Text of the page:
In their January report, state tax officials said revenues plunged 14.3 percent -- or $262 million -- from the same month the year before. For the fiscal year, tax collections are off 4.8 percent, or $499 million.
"We are in uncharted waters economically," House Majority Leader Jerry Keen said.
At the state Capitol, all eyes turned to Washington where Congress was debating a massive stimulus package that could funnel billions of dollars to Georgia. Although state officials say they aren't counting on the federal cash to bail them out, they're also working on two versions of the state budget: one with the federal cash and one without.
And Georgia lawmakers voted Friday to slow the session to three days a week, instead of five, to give Congress time to act.
Still, some leaders cautioned the federal money, if it comes, is not a cure all for the state's budget problems.
"The reality is the stimulus plan that's coming from Washington is not going to give us an enormous amount of budgetary relief," Lt. Gov. Casey Cagle said Friday.
Some of the money would flow to road projects and school districts, for instance, and could not be used to put furloughed state employees back to work. It also would not pay for the $428 million in homeowner tax relief grants state legislative leaders have pledged to fund.
Georgia legislators plan to adjourn in late March with the option of returning in June, handing them some flexibility in dealing with a federal stimulus package in addition to any continued state economic slump.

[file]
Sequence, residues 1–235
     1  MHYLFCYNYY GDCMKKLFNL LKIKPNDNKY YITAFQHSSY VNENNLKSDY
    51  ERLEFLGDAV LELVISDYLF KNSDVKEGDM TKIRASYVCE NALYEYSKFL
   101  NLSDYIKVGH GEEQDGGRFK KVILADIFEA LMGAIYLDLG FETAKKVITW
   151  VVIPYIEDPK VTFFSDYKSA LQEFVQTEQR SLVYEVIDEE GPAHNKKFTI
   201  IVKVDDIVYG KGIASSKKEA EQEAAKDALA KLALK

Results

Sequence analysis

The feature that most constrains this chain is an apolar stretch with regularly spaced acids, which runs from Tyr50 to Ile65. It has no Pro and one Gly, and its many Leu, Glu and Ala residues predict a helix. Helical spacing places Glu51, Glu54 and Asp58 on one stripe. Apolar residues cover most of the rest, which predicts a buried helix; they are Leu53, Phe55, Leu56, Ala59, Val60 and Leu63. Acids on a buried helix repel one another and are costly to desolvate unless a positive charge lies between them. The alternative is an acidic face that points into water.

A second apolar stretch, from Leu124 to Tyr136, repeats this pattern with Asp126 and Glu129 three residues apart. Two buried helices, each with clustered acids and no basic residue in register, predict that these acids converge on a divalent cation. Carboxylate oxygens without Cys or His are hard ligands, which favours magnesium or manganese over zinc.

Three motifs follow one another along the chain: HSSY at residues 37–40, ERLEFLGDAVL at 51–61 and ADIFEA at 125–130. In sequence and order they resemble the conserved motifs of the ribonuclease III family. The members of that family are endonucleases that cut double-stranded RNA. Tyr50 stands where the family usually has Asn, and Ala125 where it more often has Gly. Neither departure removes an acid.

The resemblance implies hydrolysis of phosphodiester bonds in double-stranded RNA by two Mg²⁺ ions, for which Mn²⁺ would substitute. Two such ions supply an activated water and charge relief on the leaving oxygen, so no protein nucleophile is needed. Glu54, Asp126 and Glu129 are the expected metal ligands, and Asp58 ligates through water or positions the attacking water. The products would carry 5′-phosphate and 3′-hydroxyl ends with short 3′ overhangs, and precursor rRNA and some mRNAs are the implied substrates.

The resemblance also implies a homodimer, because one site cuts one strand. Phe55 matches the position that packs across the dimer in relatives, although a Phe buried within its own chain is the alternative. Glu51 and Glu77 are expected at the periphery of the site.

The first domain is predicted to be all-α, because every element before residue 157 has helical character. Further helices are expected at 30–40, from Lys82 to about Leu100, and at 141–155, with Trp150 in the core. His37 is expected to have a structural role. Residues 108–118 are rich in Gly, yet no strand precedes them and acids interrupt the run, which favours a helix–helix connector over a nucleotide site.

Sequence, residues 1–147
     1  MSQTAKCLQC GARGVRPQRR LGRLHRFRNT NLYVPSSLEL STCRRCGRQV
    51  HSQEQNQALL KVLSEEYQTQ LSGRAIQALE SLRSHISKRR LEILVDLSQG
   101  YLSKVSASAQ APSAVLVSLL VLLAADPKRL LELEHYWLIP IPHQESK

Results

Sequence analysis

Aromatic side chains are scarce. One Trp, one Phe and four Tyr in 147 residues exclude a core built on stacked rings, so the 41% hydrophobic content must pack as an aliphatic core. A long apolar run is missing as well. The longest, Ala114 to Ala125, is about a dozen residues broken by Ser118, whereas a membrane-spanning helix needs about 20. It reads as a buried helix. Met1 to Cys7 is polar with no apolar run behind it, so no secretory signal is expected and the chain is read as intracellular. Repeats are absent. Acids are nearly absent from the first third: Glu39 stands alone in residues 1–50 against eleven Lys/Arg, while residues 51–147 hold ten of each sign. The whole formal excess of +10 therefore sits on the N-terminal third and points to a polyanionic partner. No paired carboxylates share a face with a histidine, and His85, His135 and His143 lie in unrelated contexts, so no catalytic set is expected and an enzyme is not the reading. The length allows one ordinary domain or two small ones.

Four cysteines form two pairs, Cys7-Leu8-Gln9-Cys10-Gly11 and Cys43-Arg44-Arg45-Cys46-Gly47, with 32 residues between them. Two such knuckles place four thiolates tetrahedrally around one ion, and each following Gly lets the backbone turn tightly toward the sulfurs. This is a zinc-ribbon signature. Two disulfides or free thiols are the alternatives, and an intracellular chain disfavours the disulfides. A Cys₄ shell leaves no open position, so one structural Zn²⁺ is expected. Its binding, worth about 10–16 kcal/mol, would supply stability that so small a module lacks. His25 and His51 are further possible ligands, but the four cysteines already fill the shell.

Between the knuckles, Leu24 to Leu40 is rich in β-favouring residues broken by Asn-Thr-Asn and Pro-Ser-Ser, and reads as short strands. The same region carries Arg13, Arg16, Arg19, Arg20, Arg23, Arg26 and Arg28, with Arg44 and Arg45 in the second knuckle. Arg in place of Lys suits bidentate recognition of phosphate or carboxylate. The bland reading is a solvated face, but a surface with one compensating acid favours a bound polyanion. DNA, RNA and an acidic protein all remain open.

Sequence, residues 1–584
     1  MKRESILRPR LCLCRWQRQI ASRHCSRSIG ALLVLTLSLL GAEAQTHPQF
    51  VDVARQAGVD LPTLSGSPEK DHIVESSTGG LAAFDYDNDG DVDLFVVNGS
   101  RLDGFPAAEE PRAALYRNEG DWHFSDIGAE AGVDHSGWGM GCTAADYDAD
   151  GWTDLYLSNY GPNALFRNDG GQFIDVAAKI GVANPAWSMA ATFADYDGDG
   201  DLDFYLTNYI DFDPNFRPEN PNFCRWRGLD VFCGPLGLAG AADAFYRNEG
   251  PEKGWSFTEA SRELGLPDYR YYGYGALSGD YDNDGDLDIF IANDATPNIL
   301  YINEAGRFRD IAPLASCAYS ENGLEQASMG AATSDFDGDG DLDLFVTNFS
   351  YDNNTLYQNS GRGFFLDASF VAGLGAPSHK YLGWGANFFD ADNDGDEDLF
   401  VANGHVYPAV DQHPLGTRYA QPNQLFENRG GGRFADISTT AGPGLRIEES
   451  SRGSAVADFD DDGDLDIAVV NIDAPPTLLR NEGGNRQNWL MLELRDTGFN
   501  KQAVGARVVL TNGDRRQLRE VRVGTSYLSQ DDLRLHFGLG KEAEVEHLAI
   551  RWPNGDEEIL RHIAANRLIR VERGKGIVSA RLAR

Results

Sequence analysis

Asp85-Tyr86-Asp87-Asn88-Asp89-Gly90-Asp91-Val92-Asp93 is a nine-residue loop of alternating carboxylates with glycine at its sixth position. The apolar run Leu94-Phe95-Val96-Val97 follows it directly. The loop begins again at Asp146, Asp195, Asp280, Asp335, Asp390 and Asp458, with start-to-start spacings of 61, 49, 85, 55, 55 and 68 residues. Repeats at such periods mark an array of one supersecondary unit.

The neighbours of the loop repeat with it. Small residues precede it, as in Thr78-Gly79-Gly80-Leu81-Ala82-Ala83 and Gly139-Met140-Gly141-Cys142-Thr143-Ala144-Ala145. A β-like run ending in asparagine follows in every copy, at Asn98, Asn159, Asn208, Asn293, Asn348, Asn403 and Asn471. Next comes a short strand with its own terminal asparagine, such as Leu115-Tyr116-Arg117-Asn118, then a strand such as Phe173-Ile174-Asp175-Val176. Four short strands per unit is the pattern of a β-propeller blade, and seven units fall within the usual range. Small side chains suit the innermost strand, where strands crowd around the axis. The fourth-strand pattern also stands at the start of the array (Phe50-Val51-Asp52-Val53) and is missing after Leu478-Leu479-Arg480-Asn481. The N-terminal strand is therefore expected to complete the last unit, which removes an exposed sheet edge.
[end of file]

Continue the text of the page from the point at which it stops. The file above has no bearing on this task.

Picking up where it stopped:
Already, the state was looking to slash about $2.2 billion in state spending. Friday's dismal economic news means those cuts could slice even deeper if Gov. Sonny Perdue lowers the revenue estimate.
There was no comment from Mr. Perdue's office on the new figures Friday.
The numbers reported in January cover the month of December and show that spending in Georgia over the holiday season was dismal. Sales tax revenues were off 17 percent from the same month last year.
And that wasn't the only category to see a slide.
Individual income taxes dropped by 13.3 percent and corporate income taxes took a 117 percent nosedive.
"There are really no bright spots in there," state fiscal economist Kenneth Heaghney said. "It's uniformly negative."
SESSION TO END EARLY
ATLANTA --- House and Senate leaders have struck a deal to aim to adjourn the Legislature with five days to go, saving those days for the last week of the fiscal year in June in case a federal stimulus package passes or tax collections dip even lower.
Lawmakers could meet in June to add the federal money or cut spending further without the need for a special session. If they don't meet again in June, the five days trimmed from the session would save $45,000 to $70,000 in daily legislative operations costs.
-- Source Morris News Service